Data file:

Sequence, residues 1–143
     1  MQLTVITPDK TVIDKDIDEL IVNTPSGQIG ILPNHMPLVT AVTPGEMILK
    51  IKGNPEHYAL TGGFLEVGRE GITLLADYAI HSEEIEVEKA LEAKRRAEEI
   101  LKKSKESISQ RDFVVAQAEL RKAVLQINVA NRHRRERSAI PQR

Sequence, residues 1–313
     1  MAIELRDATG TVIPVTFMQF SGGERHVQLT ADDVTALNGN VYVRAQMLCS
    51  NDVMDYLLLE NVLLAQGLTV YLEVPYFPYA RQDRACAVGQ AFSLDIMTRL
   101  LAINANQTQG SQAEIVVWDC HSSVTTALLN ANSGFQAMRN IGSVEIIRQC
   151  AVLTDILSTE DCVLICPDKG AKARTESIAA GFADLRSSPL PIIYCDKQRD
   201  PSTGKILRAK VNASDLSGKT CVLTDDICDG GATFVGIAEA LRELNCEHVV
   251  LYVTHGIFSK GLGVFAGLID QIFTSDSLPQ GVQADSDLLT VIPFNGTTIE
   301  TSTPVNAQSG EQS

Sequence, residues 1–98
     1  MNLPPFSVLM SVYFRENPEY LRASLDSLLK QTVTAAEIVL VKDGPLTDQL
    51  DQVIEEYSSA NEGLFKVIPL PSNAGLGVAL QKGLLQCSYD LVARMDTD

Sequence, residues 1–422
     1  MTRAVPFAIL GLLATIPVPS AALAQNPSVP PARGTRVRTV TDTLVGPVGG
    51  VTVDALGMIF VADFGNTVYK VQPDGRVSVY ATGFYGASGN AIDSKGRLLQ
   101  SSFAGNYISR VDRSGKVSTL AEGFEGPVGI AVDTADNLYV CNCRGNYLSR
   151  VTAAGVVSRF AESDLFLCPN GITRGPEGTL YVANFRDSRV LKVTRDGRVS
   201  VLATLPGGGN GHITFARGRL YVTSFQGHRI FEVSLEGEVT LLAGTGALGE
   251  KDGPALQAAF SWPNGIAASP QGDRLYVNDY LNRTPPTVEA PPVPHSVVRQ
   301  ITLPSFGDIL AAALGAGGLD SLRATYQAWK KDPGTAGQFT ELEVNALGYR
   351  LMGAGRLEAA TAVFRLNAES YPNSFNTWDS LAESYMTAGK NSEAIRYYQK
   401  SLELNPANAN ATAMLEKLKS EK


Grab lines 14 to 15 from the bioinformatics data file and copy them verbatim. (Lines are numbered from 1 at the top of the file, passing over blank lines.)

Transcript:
     1  MNLPPFSVLM SVYFRENPEY LRASLDSLLK QTVTAAEIVL VKDGPLTDQL
    51  DQVIEEYSSA NEGLFKVIPL PSNAGLGVAL QKGLLQCSYD LVARMDTD